Sunday, August 23, 2009

Coming Up for Air

Two weeks since I've blogged! Yikes!

I've been keeping busy. It occurred to me that I needed to get serious about querying Starcaster again because soon it will be November and after that, the Christmas break and after that, another post-NaNoWriMo query flood. I was caught up in that last year; I don't want to repeat the experience this year. Agent after agent stopped taking queries altogether, and many agents stopped replying at all. I ended up wishing for rejections! So it occurred to me that I needed to send my next batch of queries out now.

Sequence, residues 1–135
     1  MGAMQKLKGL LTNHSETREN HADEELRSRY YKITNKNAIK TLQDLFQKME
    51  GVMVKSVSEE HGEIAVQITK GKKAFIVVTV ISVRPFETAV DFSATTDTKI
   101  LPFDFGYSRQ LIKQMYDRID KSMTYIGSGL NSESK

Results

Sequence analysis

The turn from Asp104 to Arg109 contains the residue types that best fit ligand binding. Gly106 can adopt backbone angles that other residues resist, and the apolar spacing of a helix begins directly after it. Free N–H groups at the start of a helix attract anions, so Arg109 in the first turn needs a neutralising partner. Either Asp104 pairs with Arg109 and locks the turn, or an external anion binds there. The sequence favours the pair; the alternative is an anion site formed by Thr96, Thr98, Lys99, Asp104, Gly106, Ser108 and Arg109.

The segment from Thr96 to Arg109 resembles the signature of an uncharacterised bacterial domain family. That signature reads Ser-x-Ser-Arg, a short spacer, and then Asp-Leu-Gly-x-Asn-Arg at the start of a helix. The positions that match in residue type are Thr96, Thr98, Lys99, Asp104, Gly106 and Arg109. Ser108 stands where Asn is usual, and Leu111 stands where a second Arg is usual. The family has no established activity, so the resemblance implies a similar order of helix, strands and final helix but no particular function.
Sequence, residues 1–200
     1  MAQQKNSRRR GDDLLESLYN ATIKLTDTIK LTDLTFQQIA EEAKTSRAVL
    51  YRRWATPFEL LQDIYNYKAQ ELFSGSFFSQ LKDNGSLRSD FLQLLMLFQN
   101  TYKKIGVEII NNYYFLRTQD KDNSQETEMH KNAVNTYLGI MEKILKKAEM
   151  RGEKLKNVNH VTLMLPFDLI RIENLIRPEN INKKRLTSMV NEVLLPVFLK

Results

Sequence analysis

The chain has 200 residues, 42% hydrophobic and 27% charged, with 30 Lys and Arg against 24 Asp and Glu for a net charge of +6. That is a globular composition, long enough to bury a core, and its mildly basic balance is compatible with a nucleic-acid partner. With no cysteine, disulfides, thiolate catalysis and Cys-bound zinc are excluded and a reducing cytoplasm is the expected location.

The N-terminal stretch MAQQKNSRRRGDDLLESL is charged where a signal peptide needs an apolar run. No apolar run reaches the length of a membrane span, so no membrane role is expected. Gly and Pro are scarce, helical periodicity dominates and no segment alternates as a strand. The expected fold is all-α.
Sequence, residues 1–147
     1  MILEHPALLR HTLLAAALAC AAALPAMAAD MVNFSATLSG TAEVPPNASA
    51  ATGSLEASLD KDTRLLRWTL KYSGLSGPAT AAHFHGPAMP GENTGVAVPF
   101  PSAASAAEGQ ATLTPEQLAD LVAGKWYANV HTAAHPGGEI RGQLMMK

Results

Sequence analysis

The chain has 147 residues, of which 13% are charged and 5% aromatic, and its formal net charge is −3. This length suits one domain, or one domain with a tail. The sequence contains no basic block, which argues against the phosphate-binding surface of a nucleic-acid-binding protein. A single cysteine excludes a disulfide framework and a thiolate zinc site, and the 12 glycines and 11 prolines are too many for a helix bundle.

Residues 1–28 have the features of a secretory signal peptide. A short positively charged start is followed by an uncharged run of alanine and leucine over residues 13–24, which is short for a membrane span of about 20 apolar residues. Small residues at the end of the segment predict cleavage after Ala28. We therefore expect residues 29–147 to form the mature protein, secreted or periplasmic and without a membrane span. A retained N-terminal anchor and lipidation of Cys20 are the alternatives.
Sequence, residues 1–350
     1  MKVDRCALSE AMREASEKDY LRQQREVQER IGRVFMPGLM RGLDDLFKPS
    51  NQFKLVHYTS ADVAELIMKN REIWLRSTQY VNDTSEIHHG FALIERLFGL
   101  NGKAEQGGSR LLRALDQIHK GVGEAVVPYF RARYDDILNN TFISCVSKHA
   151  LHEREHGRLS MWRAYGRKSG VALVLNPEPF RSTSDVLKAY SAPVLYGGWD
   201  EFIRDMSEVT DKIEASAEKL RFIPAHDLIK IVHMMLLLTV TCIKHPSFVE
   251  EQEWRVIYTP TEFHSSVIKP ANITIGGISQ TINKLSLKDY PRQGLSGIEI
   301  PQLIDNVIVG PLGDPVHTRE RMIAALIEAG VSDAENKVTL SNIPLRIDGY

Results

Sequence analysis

But I wasn't ready. Before I could do that, I really needed to revamp my opening because it is obvious that my old opening wasn't working. I very reluctantly dis-engaged my East of Yesterday brain and re-engaged my Starcaster brain. And I got to work.

I deleted the entire opening scene and started the novel with (for those of you who have read it) the arrival of Miss Henry. Just as Tory's running down the stairs of headquarters to meet her student, she meets Crowley coming up. He takes her into the men's dorm (!) where together, they listen through a convenient heat register to a conversation between Miss Henry and Mr. Bradburn, in which Mr. Bradburn assigns Miss Henry the task of spying on Tory.

I'm hoping this opening is much stronger. I have also renamed the novel, but I'll keep using the old name here in the blog.